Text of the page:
Re: Proper Webs

Subject: Re: Proper Webs
From: Trent Clowater <trent -at- OODB -dot- SYSCOM -dot- COM -dot- TW>
Date: Thu, 19 Sep 1996 19:36:04 +-900


// How so? How does a web page, site, browser, or administrator
// differ from a radio station, program, receiver, or broadcaster?

// If you capitalize "web" then don't you have to capitalize "radio" too?

There is a big difference between a "radio" and a "web".

A radio is the little box on your desk that plays music. It is a concrete object.

A web is a term used to denote electronic documents connected together within some arbitrary boundaries using hyperlinks and some protocol to allow those links to operate. It is an abstract concept.

The Web is a short form of The World Wide Web, a collection of electronic documents connected together with no defined boundaries using hyperlinks and the HTTP protocol. It is the NAME given to this collection.

If you want to use the radio analogy, then a browser is the same as a radio. Both receive information and deliver it to the end user. Both are common nouns.

The web server is the same as a radio transmitter, and it serves the web in it's local storage to end users. The web site is like a radio station, allowing end users to receive the work of the people who work for that location. In both cases I used lower case, because they are specific to their local web. (Although you could argue that they serve it to the WWW, and so should be capitalized. I would accept either depending on the context of what is being written, as long as it is used consistently.)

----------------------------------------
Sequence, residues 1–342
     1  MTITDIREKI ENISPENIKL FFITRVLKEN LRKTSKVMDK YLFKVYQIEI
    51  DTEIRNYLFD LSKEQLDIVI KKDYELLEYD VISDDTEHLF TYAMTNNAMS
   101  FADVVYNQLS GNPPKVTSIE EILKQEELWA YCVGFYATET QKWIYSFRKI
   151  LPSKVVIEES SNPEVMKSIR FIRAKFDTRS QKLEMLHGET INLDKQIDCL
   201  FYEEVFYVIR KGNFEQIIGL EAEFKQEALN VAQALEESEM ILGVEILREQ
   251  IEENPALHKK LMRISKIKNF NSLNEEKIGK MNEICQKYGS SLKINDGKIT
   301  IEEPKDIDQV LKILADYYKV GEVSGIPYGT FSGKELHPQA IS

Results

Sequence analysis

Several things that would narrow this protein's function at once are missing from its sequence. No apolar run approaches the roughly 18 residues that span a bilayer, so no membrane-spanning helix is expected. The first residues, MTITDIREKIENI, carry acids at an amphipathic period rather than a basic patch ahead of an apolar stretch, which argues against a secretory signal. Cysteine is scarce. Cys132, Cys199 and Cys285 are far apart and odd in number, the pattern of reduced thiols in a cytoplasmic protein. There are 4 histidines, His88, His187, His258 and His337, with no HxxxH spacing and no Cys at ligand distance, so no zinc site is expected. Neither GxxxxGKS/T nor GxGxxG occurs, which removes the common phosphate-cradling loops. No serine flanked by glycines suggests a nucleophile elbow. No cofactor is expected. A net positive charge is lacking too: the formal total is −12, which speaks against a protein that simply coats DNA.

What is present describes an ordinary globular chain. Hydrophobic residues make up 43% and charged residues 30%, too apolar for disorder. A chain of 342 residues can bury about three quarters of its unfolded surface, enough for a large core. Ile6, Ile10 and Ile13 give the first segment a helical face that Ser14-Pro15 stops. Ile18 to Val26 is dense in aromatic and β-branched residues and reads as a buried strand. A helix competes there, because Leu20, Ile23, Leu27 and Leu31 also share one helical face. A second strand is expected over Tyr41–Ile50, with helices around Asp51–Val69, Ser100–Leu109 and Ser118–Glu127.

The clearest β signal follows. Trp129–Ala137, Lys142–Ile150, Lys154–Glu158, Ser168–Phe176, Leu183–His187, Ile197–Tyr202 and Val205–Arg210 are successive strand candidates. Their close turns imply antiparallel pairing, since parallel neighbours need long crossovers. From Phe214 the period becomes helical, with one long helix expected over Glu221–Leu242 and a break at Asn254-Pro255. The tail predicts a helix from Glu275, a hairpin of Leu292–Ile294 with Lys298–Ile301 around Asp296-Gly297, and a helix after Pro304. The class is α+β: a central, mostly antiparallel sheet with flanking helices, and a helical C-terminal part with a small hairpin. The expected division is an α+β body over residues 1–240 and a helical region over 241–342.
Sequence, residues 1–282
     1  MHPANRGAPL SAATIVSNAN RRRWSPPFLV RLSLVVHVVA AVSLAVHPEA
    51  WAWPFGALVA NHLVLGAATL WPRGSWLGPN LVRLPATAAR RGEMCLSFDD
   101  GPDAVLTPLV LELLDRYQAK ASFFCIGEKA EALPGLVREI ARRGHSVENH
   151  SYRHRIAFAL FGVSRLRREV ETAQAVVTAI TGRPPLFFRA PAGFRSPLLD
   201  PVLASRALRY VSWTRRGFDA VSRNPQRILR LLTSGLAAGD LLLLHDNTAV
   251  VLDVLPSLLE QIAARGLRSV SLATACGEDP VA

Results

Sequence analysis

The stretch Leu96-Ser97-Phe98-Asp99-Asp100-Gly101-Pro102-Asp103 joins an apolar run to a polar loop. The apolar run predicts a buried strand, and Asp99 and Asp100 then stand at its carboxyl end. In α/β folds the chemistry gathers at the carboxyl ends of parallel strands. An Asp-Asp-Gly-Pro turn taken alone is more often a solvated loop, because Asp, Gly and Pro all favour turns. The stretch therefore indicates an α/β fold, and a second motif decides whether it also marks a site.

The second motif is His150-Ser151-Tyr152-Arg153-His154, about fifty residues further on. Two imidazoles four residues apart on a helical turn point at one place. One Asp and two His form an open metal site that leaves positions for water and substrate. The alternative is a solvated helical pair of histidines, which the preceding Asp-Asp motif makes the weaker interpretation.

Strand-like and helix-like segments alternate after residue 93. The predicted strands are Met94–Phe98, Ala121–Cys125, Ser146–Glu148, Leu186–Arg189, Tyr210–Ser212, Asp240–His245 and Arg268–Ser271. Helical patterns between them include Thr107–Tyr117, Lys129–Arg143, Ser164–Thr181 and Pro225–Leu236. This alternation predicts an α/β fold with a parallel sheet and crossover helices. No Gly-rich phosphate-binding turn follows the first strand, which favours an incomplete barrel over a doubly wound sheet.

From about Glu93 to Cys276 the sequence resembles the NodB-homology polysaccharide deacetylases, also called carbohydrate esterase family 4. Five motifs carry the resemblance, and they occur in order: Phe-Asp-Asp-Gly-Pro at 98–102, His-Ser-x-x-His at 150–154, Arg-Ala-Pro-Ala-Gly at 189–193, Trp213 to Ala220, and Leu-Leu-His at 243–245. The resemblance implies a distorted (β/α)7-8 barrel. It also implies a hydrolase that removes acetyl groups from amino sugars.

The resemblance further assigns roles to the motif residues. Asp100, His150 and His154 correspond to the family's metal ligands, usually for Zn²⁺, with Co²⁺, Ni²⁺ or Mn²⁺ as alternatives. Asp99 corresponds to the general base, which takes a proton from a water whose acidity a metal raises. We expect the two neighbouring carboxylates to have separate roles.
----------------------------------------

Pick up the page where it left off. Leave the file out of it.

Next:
A web document is the same as a radio program, giving the end user information on a single topic or idea, or in a particular style. Again I would say uppercase or lowercase is okay, for the same reasons as mentioned above, as it is used consistently.

However, The Web IS The World Wide Web. We shouldn't be confused by the fact that The Web is also a web. Both are invented terms. It just happens that one is a proper noun and one is a common noun, and they are both used for very closely related things.

As a case in point, look at The Internet. The Internet is an internet. Again both are invented terms, and both happen to be used for closely related things. But this case is a little more clear. First there was The Internet, which was the name given to the "inter-network" of computers known as DARPANET by some of the people who were using it. But since most English speakers are basically lazy and English is an evolutionary language, the term inter-network was gradually shortened to inter-net and then internet, just like the name of that really big one everyone seemed to be talking about.

Sorry this message is so long, but I wanted to see if I could persuade our fellow dissenting reader to agree with the other 99% of the people who posted on this topic, and who I felt were correct. For a shorter summary of what I've said above, see the post by Frederic Wronecki dated Wednesday, September 18, 1996, 11:02:39. I thought it was very clear and to the point.

Trent Clowater
Syscom Computer Engineering Corporation
trent -at- oodb -dot- syscom -dot- com -dot- tw

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